I’m assuming Jackson will have the space and authority to hire his people early on. This both excites and scares me. He clearly knows how to build a winning culture around a team — he basically has a PhD in the subject. But his “guys” aren’t exactly a list of successful luminaries. I can’t say I’d be too excited about Kurt Rambis or Brian Shaw as the next coach of the Knicks. Steve Kerr, on the other hand …

netw3rk: The subject of Phil’s acolytes is interesting because his taking this job and doing it right means assembling his own team. And, knowing Phil’s deep — like, spiritually deep — affinity for the triangle, one would have to assume this means someone from his coaching tree will be at the helm next season. Kurt Rambis’s career .279 win percentage doesn’t particularly do anything for me. Brian Shaw is in the first year of a reported three-year deal; he’s not going anywhere. Craig Hodges is coaching something called the Halifax Rainmen. Jim Cleamons? Steve Kerr? Who knows.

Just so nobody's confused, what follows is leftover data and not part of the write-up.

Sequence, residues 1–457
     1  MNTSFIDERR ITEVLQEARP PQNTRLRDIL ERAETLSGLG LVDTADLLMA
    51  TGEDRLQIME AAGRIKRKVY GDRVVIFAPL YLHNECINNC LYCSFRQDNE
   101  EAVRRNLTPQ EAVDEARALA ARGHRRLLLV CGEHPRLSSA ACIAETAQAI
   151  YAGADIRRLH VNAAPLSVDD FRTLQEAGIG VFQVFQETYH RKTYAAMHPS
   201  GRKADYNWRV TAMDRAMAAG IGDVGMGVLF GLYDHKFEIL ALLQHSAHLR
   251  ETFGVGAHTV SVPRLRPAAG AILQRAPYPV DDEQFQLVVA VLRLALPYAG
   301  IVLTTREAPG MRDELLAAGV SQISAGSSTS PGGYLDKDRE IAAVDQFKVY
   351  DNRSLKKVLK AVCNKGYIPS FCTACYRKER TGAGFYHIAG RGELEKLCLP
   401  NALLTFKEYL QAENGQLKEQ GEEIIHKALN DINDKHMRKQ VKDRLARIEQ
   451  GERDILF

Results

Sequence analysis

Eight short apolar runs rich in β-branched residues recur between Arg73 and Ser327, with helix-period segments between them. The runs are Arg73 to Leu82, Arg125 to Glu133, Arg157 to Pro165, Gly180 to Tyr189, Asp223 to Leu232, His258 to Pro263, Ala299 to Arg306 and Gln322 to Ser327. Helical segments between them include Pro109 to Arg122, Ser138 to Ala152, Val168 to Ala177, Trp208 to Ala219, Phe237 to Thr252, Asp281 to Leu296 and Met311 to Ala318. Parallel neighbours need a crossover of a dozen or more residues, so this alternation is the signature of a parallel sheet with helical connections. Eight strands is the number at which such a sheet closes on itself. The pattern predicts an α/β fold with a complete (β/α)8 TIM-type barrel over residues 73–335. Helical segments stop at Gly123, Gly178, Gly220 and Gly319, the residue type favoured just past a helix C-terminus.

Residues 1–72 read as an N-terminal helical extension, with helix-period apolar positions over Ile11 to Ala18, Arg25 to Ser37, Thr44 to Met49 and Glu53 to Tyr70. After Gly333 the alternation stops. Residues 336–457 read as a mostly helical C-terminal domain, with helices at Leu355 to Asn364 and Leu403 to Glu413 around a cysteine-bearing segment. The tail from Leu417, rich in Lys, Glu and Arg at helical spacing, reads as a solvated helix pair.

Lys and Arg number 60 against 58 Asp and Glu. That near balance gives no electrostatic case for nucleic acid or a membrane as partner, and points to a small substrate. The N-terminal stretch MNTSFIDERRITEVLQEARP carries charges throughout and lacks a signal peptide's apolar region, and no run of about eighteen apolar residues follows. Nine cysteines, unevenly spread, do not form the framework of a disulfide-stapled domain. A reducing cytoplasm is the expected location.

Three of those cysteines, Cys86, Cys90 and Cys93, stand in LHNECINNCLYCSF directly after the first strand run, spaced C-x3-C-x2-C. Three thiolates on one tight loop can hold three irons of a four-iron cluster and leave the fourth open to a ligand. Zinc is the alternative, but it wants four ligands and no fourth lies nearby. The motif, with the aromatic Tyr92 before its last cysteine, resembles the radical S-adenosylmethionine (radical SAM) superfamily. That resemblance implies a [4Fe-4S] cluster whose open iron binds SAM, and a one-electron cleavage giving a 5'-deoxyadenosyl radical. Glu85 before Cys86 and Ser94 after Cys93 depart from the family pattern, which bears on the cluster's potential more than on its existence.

I’m less interested in whom Phil might hire than I am exhilarated by the prospect of the Knicks actually having an ethos and an identity. The Knicks are a team of parts acquired with little to no regard for how they might fit together. The triangle would at the very least offer a framework.

Think about it: Mills is a blank slate whose moves, such as they are, might actually be Dolan’s moves or CAA’s moves or who the hell knows. Woodson’s coaching philosophy is a verbal commitment to defense that in no way mirrors an on-court reality. And he has a fundamental distrust of the small-ball offense that is the team’s strong suit. Melding Melo’s game with Amar’e’s has been a struggle. There is no synergy between the front office, the coaching staff, and the players, no through line linking all levels of the organization.